Walter said Summit doesn’t contract with insurance providers because it can’t exist on what insurance companies reimburse.
Medicare will pay about $4,400 per takeoff on airplane flights and about $12.50 per mile. Private insurance pays more, but not enough. St. Patrick Hospital in Missoula, for example, said it was losing $1.6 million a year on its program, said CEO Jeff Fee.
When hospitals negotiate with insurance, Walter said, air ambulance is just a piece of the puzzle, and they can make up for deficiencies in other departments.
“That way they know when they have a patient that comes in, they may be losing funds on the air transportation side but gain those funds on the downstream revenue of having that patient at their hospital,” he said.
Insurance companies are less flexible with Summit, he said. “They don’t want to negotiate, or at least they haven’t been willing. It’s a set price, period.”
Walter said Summit does provide what it calls compassionate billing.
"Summit is a very compassionate company, billing-wise," he said. "You'll find that very few people pay the entire bill.
He said Summit will work with patients to reduce their bill based on financial need. Summit's parent company, REACH Air Medical Services, provides $250 million in charity care a year, he said.
Pecarina’s flight was $35,000. His insurance provider, Cigna, paid for about 70 percent of that, leaving him with $9,000 in out-of pocket costs, which they paid after two rounds of appeals. Bigwood-Pecarina said through the appeals, Summit offered them the opportunity to "pick an amount" they felt comfortable paying, but never provided details about the deal in writing. She didn't want to accept that offer while still fighting insurance for payment.
Cigna paid part of Pecarina’s bill because, though Summit doesn’t contract with insurance providers, it will accept payment from them. Insurers will pay for what’s called “usual, customary and reasonable charges” for out-of-network expenses. For air ambulances, this is typically much less than the total bill, leaving patients responsible for the difference — called a balance bill. If patients purchase a membership from Summit for $65 a year, Summit will not balance-bill the patient for the difference.
“I never thought about the air ambulance being uniquely different or out-of-network. That never crossed my mind,” Bigwood-Pecarina said. And the couple’s bill is one of the lower ones.
Amy and Pat Thomson in Butte ended up with a $56,000 bill for the flight that saved their daughter Isla Rose's life.
On Jan. 18, 2014, then 2-month-old Isla went to St. James with a cough. A few hours later doctors determined her heart was failing; she was later diagnosed with a coarc and a hypoplastic aortic arch, which means blood wasn't flowing through her heart properly. She was put on a Northwest Airlift flight to Seattle.
Isla survived the flight and surgery to repair her heart. After three months in recovery, the family came home to Butte. Isla was taking 10 different medications every three hours and just starting to nurse again — she couldn’t while in Seattle because the stress was too much for her heart.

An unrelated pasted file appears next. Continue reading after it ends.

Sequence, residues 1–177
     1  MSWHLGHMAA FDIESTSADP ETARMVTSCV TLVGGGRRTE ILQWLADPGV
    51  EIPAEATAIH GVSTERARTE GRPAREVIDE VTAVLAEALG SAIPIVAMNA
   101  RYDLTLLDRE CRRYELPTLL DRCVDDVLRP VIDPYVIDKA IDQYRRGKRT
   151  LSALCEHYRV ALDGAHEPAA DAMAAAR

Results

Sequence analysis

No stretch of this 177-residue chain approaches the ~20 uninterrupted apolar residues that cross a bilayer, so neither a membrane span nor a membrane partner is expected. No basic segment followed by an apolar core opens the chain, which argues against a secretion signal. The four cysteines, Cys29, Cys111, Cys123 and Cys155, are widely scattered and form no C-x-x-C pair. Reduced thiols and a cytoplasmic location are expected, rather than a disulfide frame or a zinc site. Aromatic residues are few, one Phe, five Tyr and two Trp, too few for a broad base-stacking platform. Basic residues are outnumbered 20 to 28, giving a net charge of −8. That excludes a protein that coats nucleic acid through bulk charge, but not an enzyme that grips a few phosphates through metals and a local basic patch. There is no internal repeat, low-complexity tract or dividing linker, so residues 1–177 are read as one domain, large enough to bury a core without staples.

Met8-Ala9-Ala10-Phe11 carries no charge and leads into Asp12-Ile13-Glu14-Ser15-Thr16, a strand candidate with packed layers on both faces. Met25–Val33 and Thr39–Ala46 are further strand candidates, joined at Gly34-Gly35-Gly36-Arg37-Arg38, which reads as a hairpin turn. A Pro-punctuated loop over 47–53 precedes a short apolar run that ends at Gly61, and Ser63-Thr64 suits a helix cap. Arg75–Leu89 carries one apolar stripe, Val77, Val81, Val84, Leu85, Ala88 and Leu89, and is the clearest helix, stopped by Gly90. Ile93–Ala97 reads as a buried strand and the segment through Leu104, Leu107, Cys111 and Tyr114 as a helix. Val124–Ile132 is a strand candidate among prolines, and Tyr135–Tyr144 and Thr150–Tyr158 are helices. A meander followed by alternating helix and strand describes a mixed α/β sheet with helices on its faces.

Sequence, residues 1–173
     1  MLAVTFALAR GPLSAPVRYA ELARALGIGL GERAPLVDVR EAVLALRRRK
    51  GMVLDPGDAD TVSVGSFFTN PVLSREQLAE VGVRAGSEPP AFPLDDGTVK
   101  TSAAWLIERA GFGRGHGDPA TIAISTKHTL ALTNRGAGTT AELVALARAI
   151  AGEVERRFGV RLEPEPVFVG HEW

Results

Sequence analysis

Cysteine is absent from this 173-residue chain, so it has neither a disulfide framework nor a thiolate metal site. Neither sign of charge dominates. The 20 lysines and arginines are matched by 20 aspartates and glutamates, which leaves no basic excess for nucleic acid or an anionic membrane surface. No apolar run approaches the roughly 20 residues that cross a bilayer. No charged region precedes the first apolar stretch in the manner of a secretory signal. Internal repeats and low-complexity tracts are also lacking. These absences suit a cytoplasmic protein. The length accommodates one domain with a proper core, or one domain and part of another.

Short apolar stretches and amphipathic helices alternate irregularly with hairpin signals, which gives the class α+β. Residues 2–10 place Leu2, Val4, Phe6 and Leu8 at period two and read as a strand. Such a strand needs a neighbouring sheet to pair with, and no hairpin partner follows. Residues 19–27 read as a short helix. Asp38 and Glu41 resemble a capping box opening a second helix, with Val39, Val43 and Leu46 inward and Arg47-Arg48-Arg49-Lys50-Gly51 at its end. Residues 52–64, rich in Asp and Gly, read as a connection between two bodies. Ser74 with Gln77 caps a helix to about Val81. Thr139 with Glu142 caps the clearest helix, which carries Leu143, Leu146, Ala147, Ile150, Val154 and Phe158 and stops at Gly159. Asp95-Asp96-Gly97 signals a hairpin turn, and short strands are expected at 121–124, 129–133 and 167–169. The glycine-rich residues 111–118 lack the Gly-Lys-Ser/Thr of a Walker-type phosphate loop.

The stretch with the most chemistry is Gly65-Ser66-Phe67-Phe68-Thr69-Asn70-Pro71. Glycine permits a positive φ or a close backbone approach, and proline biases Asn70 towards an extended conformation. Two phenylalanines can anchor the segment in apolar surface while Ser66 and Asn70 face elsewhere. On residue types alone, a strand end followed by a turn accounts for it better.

Somewhere in that jumble, the Thomsons got a bill.
“At first there’s shock,” Amy Thomson said. “It’s just one of those things where we have good insurance, it’s part of the medical process, how would this not be covered as part of your health insurance?”
Jesse Laslovich, chief legal counsel to Montana's Commissioner of Securities and Insurance Monica Lindeen, said there’s no model in place to stop what’s happening.
He said air ambulance service is critical for Montana but needs to be regulated.
“We’re not trying to get involved in medical decisions,” Laslovich said. “When someone is in the wilderness, there’s no control. When somebody is in the hospital and stabilized, and the medical decision is made to go to Salt Lake or Seattle, I think it is reasonable to request the hospital call an in-network air ambulance provider."
The North Dakota Legislature has tried to pass legislation that would require hospitals, EMTs and police officers to use a primary call list that only includes air ambulances that contract with insurance providers.
Valley Med Flight, a provider operating in North Dakota, sued, saying that the law violated FAA rules, which deregulated the airline industry and prevented states from regulating airlines.
“Hospitals have a responsibility to their patients that they are reaching out to air ambulance providers who are in insurance networks,” Laslovich said.
St. Peter’s in Helena now has a call list in the ER that notes what air ambulances are part of insurance networks.
In the meeting with the CEO last spring, Gallea said he was told to stop calling Summit first when a patient needed transferred.
“I was asked basically to consider these financial aspects in addition to the medical aspects when we have a transfer patient.”
Walter said preferred provider lists — with in-network options at the top — aren't the solution.
“The biggest issue that’s being focused on right now, and the biggest push is from the insurance network,” he said. “They’re creating the issue of we want everybody in-network.”
Summit reached out to Allegiance, which administers benefits plans for companies, last month.
“Right now, we’re in the learning phase with them,” he said. “At least we’re opening up a dialogue.”
Summit is visiting hospitals across the state, holding training sessions at places like the new hospital opening in Big Sky.
Walter acknowledged those training sessions help market Summit across the state so hospitals know to call them when a patient needs transport but said the sessions are valuable for rural facilities.
“We do a lot of outreach education,” he said. “We also think it’s an obligation for us to share our expertise and also learn from our providers. We try to sit down with regional trauma centers and integrate the care that we’re providing to the protocols of these facilities.”
Walter points to memberships as a way for families to avoid a balance bill for flights on community-based providers. For $65 a year, Summit will take whatever a patient's insurance company pays and not balance-bill them the difference.
Laslovich questioned the need for memberships. “If you’re willing to take money from me annually in order for the air ambulance to not balance-bill, why do you need that in the first place?”
Both the Thomsons and the Bigwood-Pecarina families purchased memberships after their flights.
“You bite the bullet, and you pay their stupid membership fee,” Thomson said. “When we got home, Isla couldn’t get sick. Our cardiologist said ‘She gets a respiratory infection, you’re on a life flight again.' ”